The researcher gave very straight forward findings to the research. According to him, the nurses were in agreement that the sexual abuse of the elderly is such a pathetic act. It emerged that the nurses themselves hated the sound of an old person being sexually abused, and some were actually surprised that it happens. As a remedy, they nurses thought that any such case should be reported to the police immediately for action to be taken against the perpetrator. In the nursing homes, the nurses agreed that this is a real challenge, because in pursuit of dealing with the problem, people tend to start suspecting everyone. These findings represent the reality to some extent, like in the issues mentioned. I don’t agree however that this is a topic that should catch them by surprise, because cases are being uncovered every day, on the elderly being abused in nursing homes. The limitations to the study includes the fact that some of these nurses actually believe that the abuse of an old person is a taboo, therefore they can’t imagine the thought of an old person being abused. This study can apply to nurses who take care of the hold in the nursing homes. Its implication is that nurses will be more careful with the elderly, because it emphasizes the fact that their abuse is a reality. In future, studies on the real reasons why nurses can abuse the elderly should be done. Also, severe punishment should be researched, that won’t allow a fired perpetrator get a job in another nursing home.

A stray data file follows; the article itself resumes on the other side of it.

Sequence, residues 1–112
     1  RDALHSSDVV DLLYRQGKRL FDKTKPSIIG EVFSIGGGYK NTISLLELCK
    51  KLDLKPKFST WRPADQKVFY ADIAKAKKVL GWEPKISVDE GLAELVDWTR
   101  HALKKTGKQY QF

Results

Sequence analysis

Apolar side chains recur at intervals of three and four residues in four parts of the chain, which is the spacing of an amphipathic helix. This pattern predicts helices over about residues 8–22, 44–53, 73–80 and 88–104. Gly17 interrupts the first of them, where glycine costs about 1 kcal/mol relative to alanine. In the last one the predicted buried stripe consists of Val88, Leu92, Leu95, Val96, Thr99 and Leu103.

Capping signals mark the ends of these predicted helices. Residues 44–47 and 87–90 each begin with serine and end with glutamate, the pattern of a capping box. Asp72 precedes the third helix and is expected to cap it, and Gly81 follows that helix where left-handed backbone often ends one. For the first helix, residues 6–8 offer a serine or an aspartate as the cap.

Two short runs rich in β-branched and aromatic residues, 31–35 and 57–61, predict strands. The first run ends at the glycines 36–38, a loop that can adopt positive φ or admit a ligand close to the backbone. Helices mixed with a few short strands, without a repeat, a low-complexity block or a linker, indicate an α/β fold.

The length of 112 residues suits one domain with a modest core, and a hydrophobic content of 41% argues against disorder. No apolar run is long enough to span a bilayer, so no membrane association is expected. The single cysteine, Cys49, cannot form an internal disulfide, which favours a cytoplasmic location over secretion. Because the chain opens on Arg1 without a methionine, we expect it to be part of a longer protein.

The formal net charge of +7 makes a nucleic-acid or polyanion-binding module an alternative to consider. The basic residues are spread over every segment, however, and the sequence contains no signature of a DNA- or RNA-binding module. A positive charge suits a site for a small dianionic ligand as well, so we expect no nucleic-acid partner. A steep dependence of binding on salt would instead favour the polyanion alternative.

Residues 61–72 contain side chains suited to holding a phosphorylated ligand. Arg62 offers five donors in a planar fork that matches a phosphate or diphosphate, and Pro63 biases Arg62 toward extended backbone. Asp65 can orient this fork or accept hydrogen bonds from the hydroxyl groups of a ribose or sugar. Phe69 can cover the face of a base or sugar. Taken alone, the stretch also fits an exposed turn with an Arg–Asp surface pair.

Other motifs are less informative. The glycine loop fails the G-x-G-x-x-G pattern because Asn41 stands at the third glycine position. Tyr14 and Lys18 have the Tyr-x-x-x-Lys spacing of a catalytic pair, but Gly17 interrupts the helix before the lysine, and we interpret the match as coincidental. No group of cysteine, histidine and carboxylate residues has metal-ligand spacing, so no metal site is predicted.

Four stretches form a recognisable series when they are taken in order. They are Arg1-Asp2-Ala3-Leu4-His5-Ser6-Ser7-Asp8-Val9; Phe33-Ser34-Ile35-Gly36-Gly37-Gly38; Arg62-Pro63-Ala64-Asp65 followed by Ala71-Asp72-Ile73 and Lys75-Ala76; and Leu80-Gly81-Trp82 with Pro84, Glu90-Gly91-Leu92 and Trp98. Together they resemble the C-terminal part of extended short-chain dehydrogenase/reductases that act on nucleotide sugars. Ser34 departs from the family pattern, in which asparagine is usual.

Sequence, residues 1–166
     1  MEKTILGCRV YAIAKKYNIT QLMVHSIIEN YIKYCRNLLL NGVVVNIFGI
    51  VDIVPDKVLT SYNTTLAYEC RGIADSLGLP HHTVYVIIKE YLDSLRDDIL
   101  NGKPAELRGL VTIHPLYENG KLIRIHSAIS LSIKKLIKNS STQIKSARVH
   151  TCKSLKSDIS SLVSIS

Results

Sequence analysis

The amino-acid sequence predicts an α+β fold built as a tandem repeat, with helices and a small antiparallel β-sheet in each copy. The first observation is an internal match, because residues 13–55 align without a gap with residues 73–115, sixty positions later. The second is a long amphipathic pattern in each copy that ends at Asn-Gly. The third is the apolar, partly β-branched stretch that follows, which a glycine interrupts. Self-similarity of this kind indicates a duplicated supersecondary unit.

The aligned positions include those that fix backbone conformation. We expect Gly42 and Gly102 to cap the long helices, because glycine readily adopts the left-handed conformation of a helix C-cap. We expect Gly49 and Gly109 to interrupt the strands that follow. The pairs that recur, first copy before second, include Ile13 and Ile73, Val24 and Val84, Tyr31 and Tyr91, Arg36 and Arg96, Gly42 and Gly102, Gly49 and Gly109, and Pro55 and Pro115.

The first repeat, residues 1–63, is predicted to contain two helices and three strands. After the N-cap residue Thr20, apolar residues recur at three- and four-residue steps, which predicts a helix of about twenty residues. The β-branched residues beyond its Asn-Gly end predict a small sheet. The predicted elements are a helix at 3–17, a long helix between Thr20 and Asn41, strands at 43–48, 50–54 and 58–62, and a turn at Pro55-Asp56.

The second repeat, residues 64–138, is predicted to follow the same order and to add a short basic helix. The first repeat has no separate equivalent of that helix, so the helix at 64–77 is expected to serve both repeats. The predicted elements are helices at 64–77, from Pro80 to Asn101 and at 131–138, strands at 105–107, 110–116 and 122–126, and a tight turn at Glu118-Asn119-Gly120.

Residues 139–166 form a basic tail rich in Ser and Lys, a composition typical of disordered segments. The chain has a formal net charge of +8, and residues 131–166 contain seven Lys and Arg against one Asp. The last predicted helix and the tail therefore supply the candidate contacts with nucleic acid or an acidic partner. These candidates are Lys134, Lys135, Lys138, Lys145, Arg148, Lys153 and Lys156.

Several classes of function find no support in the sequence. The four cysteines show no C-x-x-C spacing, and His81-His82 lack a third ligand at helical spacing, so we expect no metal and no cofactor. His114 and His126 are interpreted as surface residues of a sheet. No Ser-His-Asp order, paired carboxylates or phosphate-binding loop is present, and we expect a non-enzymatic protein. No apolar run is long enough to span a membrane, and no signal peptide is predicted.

Indeed the elderly in our society are suffering in silence. They are innocent, weak and feeble, a reason why they are taken advantage of. They need our love, care and protection even in their latter days. The nursing fraternity has a very key role to play here, given that they will sometimes find themselves having to care for the elderly. In this regard, this vice should be treated as a taboo, and any single incident should be reported as soon as it is found out. That is all that the research was about, and the researcher did a good job in bringing up this issue.


E. Curtis and R. Redmond, “Focus groups in nursing research,” Nurse Researcher, vol. 14, no. 2,

pp. 25–37, 2007.